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A scholar of the Middle East asks: Is 'Homeland' still racist?

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(L-R) Patrick Sabongui as Reda Kazem & Claire Danes as Carrie Mathison in HOMELAND (Season 6, Episode 02). - Photo:  Jo Jo Whilden/SHOWTIME - Photo ID:  HOMELAND_602_0131.R
JoJo Whilden/SHOWTIME
Patrick Sabongui as Reda Kazem and Claire Danes as Carrie Mathison in "Homeland."

The HBO series has a troubling history in its depictions of Islam and Muslims, but it seems to be changing course in the era of Donald Trump,

As the sixth season of “Homeland" comes to a close on April 9, one close observer dissects signs that the show is uncomfortable with its history of perpetuating Islamophobic stereotypes. 

The series that stars Claire Danes as CIA agent Carrie Mathison and Mandy Patinkin as her mentor, Saul Berenson, has always found its drama in America’s war on terror. At the same time it's been called out by critics for racism. In 2014, The Washington Post dubbed it “the most bigoted show on television.”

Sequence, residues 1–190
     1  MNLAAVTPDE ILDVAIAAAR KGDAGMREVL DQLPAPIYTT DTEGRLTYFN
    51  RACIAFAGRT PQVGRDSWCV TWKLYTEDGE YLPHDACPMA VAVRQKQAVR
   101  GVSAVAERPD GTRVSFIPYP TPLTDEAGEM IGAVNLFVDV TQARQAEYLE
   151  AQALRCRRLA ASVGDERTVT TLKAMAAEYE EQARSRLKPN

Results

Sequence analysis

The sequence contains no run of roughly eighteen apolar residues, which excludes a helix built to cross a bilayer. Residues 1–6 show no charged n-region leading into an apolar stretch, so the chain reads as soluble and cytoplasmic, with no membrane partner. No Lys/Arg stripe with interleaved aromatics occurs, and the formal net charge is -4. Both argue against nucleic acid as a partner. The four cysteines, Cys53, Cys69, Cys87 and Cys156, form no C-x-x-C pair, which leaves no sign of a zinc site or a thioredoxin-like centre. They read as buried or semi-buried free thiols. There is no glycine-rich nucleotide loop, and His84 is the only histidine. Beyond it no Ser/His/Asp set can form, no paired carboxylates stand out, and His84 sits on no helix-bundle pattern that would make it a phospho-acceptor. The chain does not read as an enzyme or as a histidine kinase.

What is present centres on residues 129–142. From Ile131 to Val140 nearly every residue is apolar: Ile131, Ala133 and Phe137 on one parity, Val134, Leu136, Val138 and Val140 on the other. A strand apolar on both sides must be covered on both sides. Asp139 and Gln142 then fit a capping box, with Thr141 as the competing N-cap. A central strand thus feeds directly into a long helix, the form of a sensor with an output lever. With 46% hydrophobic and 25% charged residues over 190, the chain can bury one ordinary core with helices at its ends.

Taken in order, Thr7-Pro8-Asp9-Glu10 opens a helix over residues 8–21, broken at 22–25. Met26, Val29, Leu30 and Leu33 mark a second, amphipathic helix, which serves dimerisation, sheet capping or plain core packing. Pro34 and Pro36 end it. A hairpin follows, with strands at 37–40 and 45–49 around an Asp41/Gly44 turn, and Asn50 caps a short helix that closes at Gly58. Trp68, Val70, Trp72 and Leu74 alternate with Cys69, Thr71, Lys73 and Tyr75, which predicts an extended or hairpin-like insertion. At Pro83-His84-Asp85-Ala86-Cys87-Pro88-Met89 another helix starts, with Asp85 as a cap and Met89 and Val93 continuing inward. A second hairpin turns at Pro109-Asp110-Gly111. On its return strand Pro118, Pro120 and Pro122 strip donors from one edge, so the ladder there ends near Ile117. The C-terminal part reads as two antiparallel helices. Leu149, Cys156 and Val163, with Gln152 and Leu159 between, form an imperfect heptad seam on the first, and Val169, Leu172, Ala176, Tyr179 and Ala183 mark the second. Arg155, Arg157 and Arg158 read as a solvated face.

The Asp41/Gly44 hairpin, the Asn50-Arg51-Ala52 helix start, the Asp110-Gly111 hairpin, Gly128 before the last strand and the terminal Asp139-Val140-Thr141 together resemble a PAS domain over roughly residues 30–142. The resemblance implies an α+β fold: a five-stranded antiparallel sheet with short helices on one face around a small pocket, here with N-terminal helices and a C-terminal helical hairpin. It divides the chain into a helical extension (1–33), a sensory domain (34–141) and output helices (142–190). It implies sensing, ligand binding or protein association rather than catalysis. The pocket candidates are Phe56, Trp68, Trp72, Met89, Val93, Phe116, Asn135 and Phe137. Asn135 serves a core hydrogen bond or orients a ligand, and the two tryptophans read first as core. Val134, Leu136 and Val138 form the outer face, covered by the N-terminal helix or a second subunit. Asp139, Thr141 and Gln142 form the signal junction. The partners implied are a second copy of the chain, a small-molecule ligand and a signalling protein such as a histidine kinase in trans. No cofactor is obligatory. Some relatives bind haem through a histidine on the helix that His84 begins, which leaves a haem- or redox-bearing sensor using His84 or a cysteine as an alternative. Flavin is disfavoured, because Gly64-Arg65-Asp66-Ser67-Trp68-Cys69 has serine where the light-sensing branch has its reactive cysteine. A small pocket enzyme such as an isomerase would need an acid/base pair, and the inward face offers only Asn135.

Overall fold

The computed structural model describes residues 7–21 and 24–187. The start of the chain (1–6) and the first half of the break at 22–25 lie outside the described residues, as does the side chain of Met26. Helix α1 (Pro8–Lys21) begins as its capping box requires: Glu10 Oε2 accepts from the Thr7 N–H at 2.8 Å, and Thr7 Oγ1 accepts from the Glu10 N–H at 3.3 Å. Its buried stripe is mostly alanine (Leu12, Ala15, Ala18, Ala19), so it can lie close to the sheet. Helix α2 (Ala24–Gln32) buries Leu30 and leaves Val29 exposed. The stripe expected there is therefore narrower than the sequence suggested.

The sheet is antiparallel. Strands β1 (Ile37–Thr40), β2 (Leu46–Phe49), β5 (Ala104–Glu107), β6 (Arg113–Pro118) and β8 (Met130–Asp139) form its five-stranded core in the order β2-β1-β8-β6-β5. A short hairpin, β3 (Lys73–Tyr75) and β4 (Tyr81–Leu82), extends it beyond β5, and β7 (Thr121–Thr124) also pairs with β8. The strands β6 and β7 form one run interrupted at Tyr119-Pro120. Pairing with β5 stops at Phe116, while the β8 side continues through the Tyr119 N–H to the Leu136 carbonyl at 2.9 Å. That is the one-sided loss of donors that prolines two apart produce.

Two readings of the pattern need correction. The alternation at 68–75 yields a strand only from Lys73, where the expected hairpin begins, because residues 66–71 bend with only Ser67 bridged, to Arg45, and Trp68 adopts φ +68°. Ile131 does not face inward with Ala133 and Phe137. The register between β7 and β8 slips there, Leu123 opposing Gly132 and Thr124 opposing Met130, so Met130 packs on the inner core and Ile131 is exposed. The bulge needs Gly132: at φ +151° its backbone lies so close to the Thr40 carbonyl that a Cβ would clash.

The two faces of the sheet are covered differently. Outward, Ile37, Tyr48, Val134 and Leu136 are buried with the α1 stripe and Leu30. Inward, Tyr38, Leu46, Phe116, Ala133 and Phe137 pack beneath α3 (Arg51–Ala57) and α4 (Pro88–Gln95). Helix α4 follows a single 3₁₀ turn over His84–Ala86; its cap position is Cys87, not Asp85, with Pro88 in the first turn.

Brian Edwards is professor of Middle East Studies and American Studies at Northwestern University and author of "After the American Century: The Ends of U.S. Culture in the Middle East." He posits that in the era of Donald Trump, the producers of "Homeland" are no longer comfortable with the show's "status as a mirror on America’s doings abroad and as a mouthpiece for nativist anxieties about Muslims at home." 

He wrote an essay for the L.A. Review of Books titled, "Moving Target: Is 'Homeland' Still Racist?"   which he adapted with The Frame into an audio commentary (play below). 

Brian T. Edwards is Crown Professor in Middle East Studies and professor of English, comparative literary studies, and American studies at Northwestern, where he is also the founding director of the Middle East and North African Studies Program. He is author of "Morocco Bound: Disorienting America’s Maghreb from Casablanca to the Marrakech Express" (Duke, 2005), "After the American Century: The Ends of U.S. Culture in the Middle East" (Columbia, 2016; paperback 2017), and essays and articles in a range of publications, including Salon, The Believer, Public Culture, McSweeney’s, American Literary History, and The Chronicle of Higher Education.

Follow him on Twitter

"Homeland" airs Sunday nights on Showtime.

 

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